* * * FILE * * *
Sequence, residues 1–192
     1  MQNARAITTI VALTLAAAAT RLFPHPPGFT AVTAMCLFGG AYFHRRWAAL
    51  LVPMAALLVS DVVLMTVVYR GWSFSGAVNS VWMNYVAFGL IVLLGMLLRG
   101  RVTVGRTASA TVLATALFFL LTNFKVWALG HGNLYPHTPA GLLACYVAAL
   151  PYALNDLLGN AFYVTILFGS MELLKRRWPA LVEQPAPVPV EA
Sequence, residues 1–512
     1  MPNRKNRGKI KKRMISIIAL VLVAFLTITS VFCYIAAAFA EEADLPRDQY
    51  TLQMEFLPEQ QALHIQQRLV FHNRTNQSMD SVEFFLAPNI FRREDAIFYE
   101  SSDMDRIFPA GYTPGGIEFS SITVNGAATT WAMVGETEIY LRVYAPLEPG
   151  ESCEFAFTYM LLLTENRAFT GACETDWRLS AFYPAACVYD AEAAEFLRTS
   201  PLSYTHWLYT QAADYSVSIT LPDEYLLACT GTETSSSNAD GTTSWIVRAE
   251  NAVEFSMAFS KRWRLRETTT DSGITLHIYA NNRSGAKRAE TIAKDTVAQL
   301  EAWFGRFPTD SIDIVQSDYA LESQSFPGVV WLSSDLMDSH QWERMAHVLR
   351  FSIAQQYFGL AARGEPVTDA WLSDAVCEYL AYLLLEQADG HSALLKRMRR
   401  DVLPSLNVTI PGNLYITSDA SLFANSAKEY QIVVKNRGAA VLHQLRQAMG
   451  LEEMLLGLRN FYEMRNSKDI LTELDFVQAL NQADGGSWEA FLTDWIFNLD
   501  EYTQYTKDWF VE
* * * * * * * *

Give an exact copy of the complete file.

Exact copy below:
Sequence, residues 1–192
     1  MQNARAITTI VALTLAAAAT RLFPHPPGFT AVTAMCLFGG AYFHRRWAAL
    51  LVPMAALLVS DVVLMTVVYR GWSFSGAVNS VWMNYVAFGL IVLLGMLLRG
   101  RVTVGRTASA TVLATALFFL LTNFKVWALG HGNLYPHTPA GLLACYVAAL
   151  PYALNDLLGN AFYVTILFGS MELLKRRWPA LVEQPAPVPV EA
Sequence, residues 1–512
     1  MPNRKNRGKI KKRMISIIAL VLVAFLTITS VFCYIAAAFA EEADLPRDQY
    51  TLQMEFLPEQ QALHIQQRLV FHNRTNQSMD SVEFFLAPNI FRREDAIFYE
   101  SSDMDRIFPA GYTPGGIEFS SITVNGAATT WAMVGETEIY LRVYAPLEPG
   151  ESCEFAFTYM LLLTENRAFT GACETDWRLS AFYPAACVYD AEAAEFLRTS
   201  PLSYTHWLYT QAADYSVSIT LPDEYLLACT GTETSSSNAD GTTSWIVRAE
   251  NAVEFSMAFS KRWRLRETTT DSGITLHIYA NNRSGAKRAE TIAKDTVAQL
   301  EAWFGRFPTD SIDIVQSDYA LESQSFPGVV WLSSDLMDSH QWERMAHVLR
   351  FSIAQQYFGL AARGEPVTDA WLSDAVCEYL AYLLLEQADG HSALLKRMRR
   401  DVLPSLNVTI PGNLYITSDA SLFANSAKEY QIVVKNRGAA VLHQLRQAMG
   451  LEEMLLGLRN FYEMRNSKDI LTELDFVQAL NQADGGSWEA FLTDWIFNLD
   501  EYTQYTKDWF VE